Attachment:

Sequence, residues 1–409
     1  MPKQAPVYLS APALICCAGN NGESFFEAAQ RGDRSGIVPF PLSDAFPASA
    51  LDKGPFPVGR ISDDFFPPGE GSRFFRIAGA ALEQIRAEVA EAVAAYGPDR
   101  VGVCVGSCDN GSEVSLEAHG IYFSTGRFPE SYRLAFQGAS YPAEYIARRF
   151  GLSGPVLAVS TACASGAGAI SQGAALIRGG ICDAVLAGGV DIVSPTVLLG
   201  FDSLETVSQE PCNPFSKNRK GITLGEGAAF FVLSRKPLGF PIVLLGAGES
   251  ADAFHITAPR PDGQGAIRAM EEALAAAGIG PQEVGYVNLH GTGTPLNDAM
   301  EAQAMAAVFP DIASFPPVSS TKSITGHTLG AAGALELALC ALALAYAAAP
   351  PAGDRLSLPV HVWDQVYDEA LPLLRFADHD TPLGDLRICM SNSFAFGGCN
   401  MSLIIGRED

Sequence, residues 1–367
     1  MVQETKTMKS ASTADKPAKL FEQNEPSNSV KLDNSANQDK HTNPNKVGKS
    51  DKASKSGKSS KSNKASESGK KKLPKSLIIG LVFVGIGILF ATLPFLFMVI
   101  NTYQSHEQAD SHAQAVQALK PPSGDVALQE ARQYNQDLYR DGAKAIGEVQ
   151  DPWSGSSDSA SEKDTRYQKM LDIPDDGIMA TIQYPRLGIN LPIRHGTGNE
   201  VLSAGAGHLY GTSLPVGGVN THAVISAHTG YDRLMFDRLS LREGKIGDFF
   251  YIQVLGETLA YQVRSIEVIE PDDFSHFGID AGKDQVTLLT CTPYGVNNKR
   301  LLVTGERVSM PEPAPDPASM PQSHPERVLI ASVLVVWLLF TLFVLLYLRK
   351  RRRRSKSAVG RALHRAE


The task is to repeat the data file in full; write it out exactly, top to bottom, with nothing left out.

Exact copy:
Sequence, residues 1–409
     1  MPKQAPVYLS APALICCAGN NGESFFEAAQ RGDRSGIVPF PLSDAFPASA
    51  LDKGPFPVGR ISDDFFPPGE GSRFFRIAGA ALEQIRAEVA EAVAAYGPDR
   101  VGVCVGSCDN GSEVSLEAHG IYFSTGRFPE SYRLAFQGAS YPAEYIARRF
   151  GLSGPVLAVS TACASGAGAI SQGAALIRGG ICDAVLAGGV DIVSPTVLLG
   201  FDSLETVSQE PCNPFSKNRK GITLGEGAAF FVLSRKPLGF PIVLLGAGES
   251  ADAFHITAPR PDGQGAIRAM EEALAAAGIG PQEVGYVNLH GTGTPLNDAM
   301  EAQAMAAVFP DIASFPPVSS TKSITGHTLG AAGALELALC ALALAYAAAP
   351  PAGDRLSLPV HVWDQVYDEA LPLLRFADHD TPLGDLRICM SNSFAFGGCN
   401  MSLIIGRED

Sequence, residues 1–367
     1  MVQETKTMKS ASTADKPAKL FEQNEPSNSV KLDNSANQDK HTNPNKVGKS
    51  DKASKSGKSS KSNKASESGK KKLPKSLIIG LVFVGIGILF ATLPFLFMVI
   101  NTYQSHEQAD SHAQAVQALK PPSGDVALQE ARQYNQDLYR DGAKAIGEVQ
   151  DPWSGSSDSA SEKDTRYQKM LDIPDDGIMA TIQYPRLGIN LPIRHGTGNE
   201  VLSAGAGHLY GTSLPVGGVN THAVISAHTG YDRLMFDRLS LREGKIGDFF
   251  YIQVLGETLA YQVRSIEVIE PDDFSHFGID AGKDQVTLLT CTPYGVNNKR
   301  LLVTGERVSM PEPAPDPASM PQSHPERVLI ASVLVVWLLF TLFVLLYLRK
   351  RRRRSKSAVG RALHRAE